In the aftermath of the downing of Malaysia Airlines Flight 17 over Ukraine, there has been no shortage of shameful behavior: the appalling disrespect shown to the remains of victims; the games played to delay an independent inspection of the crash; the crude mendacity of the Kremlin’s efforts to divert responsibility.
And then there has been the response -- more accurately, the lack thereof -- of European leaders. After meeting this week to discuss further sanctions on Russia for President Vladimir Putin's aggression in Ukraine, European Union foreign ministers returned to one of their favorite pastimes: squabbling over which country has been most feckless in its failure to act.
Is it the French, who are still on track to deliver two Mistral class amphibious landing ships to the Russian military? The British, who have yet to act against Putin-friendly oligarchs in London and, it appears, have failed to carry out their loudly announced arms embargo of Russia? What about the Italians, who continue to press for construction of a transparently political project devised by Putin to end Ukraine’s gas transit business? Don’t forget German Chancellor Angela Merkel, whose tough language about standing up to Russia's aggression has yet to be matched with meaningful action.
Not since the lead-up to the 2003 war in Iraq has the EU been so divided by a geopolitical issue. This time, however, there is no excuse -- no intelligence to dispute, no Middle Eastern war to question. At issue in Ukraine is a direct threat to European security. The deaths of more than 200 EU civilians as they flew over Ukraine have triggered the first call for discussion of so-called tier-three economic sanctions against Russia.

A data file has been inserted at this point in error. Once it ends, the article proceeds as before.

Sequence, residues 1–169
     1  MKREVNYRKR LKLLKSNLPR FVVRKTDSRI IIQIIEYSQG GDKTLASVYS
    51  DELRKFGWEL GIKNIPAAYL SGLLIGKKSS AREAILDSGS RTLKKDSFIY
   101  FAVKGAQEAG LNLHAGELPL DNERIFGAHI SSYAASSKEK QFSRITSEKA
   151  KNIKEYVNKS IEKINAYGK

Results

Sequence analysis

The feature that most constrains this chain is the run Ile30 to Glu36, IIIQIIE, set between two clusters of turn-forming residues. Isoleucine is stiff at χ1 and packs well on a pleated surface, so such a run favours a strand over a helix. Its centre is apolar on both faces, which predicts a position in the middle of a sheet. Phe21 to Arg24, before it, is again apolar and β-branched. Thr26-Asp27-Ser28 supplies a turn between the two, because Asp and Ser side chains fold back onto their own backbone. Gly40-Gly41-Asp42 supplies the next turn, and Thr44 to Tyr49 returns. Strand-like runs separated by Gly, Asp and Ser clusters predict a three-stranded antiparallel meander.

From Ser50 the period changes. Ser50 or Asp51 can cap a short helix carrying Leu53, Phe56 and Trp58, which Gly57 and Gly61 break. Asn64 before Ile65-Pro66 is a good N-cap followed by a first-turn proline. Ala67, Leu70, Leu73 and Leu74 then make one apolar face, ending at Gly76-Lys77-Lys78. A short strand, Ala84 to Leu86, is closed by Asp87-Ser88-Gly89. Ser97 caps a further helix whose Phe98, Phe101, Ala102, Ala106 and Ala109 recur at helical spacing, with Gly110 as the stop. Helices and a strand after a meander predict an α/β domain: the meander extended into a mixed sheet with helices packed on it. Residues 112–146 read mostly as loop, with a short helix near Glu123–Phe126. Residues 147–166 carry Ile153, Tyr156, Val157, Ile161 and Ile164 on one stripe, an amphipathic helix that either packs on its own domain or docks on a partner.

There is a legitimate reason for all this reluctance: No one knows how effective tougher sanctions would be. The mere threat of them has done nothing to stop the fighting in eastern Ukraine, which continues unabated -- as does the rise in Putin's personal approval rating (it hit a six-year high of 83 percent last week). With Russians in the grip of a nationalist fervor, why would Putin back down? And if he won’t, why put Europe’s businesses at risk?
These are the wrong questions to ask. It's true that sanctions alone may not persuade Putin to end his support of separatists in Ukraine. But there's a chance they might -- and even if they don't, they're still worthwhile.
One thing sanctions can do -- and there is some evidence they are hurting Russia’s economy already -- is deter future behavior. If Putin has unleashed a nationalist hunger to restore Russian dominance that he has lost either the will or the ability to control, all the more reason to cut off the arms and money that fuel further adventures, in Ukraine or elsewhere.
There are other reasons for sanctions, large and small: Cooperation and agreement on sanctions would help keep the EU united on other equally important issues, such as economic aid to Ukraine and ways to help the young presidency of Petro Poroshenko. Sanctions would show Europe is willing to stand up for the principles of sovereignty and democracy, which it claims to revere. And they would deprive Putin of the ability to play the U.S. and the EU off each other.
Finally, it is worth pointing out that sanctions are in Europe's long-term economic interest. The goal is not merely to deter Russia; it is to ensure the stability and vitality of the European economy. If Russia insists on using Europe's dependence on its energy to endanger the continent's security, then Europe needs to take steps to protect itself.
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